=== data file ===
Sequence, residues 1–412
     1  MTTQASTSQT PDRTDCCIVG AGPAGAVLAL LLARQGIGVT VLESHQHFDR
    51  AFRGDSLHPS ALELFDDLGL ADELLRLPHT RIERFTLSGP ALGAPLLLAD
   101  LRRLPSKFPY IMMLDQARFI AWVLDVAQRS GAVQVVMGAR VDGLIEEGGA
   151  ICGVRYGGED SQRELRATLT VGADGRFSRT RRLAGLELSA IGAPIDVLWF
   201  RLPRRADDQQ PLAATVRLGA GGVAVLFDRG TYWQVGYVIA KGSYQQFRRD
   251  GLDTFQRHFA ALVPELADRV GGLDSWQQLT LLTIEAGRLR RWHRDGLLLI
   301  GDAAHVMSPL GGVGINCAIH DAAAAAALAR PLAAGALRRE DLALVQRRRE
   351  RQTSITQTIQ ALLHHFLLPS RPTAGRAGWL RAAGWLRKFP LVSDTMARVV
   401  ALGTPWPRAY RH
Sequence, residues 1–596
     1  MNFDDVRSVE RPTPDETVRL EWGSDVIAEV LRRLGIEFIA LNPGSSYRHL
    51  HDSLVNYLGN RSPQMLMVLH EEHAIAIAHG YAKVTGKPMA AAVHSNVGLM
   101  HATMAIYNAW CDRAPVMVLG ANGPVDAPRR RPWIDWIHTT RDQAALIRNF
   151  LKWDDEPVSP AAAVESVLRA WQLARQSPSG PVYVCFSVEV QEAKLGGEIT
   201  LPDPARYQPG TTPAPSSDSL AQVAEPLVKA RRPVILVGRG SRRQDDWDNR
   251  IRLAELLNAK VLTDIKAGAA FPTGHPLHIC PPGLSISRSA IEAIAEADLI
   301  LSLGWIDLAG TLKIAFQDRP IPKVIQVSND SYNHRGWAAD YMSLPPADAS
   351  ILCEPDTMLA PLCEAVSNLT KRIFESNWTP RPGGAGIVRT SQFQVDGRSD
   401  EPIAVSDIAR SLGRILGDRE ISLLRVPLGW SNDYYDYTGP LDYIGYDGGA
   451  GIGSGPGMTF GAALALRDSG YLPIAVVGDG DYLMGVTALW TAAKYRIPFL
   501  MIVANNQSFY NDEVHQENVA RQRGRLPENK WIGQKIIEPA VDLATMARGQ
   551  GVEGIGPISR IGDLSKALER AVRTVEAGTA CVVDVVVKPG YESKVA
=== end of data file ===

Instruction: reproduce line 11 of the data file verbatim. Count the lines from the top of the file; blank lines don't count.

Sequence, residues 1–596